Although the Battle of Adrianople did not yet guarantee the supremacy of the Goths nor the final collapse of Rome, it ensured that Rome would never again be the mistress of the known world. The Goths would yet commit many depredations, culminating in the sack of Rome under the leadership of Alaric in 410 A.D. — before becoming allies with the Romans against a common and far more terrible foe, the Huns, whom they had first invaded the empire to escape. At the truly apocalyptic Battle of Chalons in 451 A.D., Goths and Romans fought side by side in a last-ditch effort to save the West from Attila’s host. But even with the Gothic alliance, the best a prostrate Rome could manage was a standoff costing hundreds of thousands of lives. The end of the Western Empire came swiftly after that; within 15 years of the end of the Western Roman Empire, a Gothic monarch, Theoderic the Great, ruled the entire Italian peninsula and much of central Europe (the so-called Ostrogothic Kingdom). Further west, much of the Iberian Peninsula — formerly Roman Hispania and Lusitania — was ruled by the Visigoths or western Goths. In a single century, the descendants of a ragtag immigrant host had become the masters of much of Rome’s former territory in Western Europe.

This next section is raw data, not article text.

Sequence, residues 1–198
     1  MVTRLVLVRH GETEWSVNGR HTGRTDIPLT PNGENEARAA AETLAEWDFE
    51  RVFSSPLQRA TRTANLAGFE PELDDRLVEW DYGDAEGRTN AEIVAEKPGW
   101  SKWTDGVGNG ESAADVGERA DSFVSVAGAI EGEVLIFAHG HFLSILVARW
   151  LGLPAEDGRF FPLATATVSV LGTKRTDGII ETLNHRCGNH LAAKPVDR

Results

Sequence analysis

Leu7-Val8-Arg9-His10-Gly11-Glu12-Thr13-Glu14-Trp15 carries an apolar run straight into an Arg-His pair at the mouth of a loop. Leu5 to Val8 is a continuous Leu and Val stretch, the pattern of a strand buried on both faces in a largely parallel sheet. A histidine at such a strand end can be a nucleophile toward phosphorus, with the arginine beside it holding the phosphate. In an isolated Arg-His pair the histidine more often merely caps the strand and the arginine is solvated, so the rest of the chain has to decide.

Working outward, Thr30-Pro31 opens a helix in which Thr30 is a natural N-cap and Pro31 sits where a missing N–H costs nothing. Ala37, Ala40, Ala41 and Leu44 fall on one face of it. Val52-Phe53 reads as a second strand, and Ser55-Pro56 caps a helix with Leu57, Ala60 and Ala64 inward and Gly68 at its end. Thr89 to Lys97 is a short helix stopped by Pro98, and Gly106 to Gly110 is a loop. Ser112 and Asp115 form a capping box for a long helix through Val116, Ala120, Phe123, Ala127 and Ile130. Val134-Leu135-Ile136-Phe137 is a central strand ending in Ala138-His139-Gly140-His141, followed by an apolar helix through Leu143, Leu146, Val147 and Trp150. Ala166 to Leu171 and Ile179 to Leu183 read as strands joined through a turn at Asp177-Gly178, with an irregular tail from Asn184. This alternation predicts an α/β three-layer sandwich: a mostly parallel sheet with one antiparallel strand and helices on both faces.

Similarities and Differences
At such a distance in time, it is easy to judge the shortsightedness of Valens and the Roman authorities. Probably the Huns would have wreaked havoc on Rome no matter what happened to the Goths, but there is little question that the Gothic wars crippled Rome’s ability to defend herself when the Huns — a far worse threat — made their inevitable appearance on Rome’s borders and proceeded to lay waste to much of the remaining civilized portions of the empire. It is also curious that, notwithstanding the fact that most of the existential threats faced by late Rome came from the east, it was the Western Empire that ultimately succumbed. The Eastern Empire, centered on impregnable Constantinople, morphed into the Greek-speaking Byzantine state that lasted another thousand years, claiming for her own the mantle of imperial Rome until her demise at the hands of the Ottoman Turks in the mid-1400s.